The preceding discussion describes the preferred embodiment of the transducer wherein the device has two inherent "neutral" positions/configurations (i.e. as illustrated in FIGS. 1 and 3) which the device is biased to assume whenever electrical power to the device is switched off, and an inherently unstable "toggle position" approximately midway between the two neutral positions (as illustrated in FIG. 2). Because in the preferred embodiment of the invention there are two such "neutral positions/configurations", the preferred embodiment of the transducer is called a "bistable" device. In a bistable device constructed in accordance with the present invention, the particular neutral position which the device is biased to assume whenever power is turned off, is that neutral position which is closest to the configuration of the device at the time the power is cut off.

It will be appreciated by those skilled in the art that in order for the transducer to operate as a bistable device, the tensile (hoop) stress in the perimeter 26a of the spring member must be sufficiently high in any configuration of the transducer between the first and second neutral positions to overcome the combined compressive forces of the various laminate layers (12, 14, 16, 18, 20, 24, 26) of the transducer.

In order to assure proper operation of the snap action transducer 10, it is necessary that the laminated structure be manufactured such that, in all positions/configurations between the first neutral position (FIG. 1) and the second neutral position (FIG. 3) the entire cross-sectional area of electroactive element 12 remains in net compression. It will be appreciated by an understanding of the foregoing disclosure that the electroactive element is subjected to a minimum net compressive stress when the transducer is in the first neutral position (as illustrated in FIG. 1).

It will be understood that in order to ensure proper operation of the snap-action transducer the material and dimensions of the spring member 26 must be such that when the spring member 26 may be deformed throughout the range from the first neutral position (FIG. 1) to the second neutral position (FIG. 3) without the spring member's 26 being strained beyond its elastic limit.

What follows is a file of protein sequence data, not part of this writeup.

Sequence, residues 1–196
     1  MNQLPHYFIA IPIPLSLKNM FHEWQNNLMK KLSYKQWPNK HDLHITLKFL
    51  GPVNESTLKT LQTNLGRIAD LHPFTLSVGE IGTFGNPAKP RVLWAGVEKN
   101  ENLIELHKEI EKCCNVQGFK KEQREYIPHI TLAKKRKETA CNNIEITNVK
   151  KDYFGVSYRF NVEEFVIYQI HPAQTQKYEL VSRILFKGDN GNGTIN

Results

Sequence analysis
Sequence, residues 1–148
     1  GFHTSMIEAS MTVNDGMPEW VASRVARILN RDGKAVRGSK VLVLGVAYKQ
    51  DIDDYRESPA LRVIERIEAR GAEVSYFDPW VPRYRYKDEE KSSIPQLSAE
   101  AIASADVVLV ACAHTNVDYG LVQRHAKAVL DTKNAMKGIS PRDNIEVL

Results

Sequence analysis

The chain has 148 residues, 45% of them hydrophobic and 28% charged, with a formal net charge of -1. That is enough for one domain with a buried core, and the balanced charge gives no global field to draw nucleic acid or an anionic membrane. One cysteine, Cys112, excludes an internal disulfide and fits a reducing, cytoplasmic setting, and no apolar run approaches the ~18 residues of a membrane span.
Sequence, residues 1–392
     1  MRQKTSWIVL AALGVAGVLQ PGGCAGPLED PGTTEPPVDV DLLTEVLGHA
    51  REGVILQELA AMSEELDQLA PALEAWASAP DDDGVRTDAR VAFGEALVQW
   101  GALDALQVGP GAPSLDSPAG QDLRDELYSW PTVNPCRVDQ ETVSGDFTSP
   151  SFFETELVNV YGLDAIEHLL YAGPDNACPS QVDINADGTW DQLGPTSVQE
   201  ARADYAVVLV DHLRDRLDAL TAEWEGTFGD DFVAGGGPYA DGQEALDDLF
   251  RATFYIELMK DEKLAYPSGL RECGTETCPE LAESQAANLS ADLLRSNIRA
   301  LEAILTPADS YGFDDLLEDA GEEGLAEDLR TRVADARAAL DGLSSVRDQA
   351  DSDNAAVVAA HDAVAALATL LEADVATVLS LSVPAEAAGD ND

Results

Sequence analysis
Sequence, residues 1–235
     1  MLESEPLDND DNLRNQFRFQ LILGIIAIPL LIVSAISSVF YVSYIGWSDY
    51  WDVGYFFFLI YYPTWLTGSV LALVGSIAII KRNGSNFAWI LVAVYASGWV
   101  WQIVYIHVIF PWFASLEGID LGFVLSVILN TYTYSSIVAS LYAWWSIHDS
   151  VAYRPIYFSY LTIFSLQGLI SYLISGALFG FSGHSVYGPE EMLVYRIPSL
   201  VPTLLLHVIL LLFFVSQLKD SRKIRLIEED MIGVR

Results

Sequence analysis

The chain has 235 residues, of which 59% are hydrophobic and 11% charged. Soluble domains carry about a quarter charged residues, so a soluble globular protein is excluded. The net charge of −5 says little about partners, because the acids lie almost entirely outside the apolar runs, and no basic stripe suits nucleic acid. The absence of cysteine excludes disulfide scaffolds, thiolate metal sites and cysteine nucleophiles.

Although the first and second aluminum layers 18 and 22 provide some pre-stressing to the electroactive element 12, the principal function of those layers is to provide an electrically conductive material by which the electrical energy may be applied uniformly to the electroplated surfaces 14 of the electroactive element 12. In some instances the adhesive layers may comprise electrically insulating materials, in which cases it is advantageous to roughen the faces of the aluminum layers 18 and 22 which face the respective electroplate surfaces 14 so as to facilitate and maintain physical contact between the aluminum layers and the electroplated surfaces.

It will be understood from the foregoing disclosure that a snap action piezoelectric transducer constructed in accordance with the present invention provides a unique transducer in which the amount of strain (output) from the device does not vary linearly with the voltage applied (input) to the electrodes within operating range of strain of the device; and in which the rate at which the device becomes strained does not vary linearly with the rate at which the input voltage to the device is changed.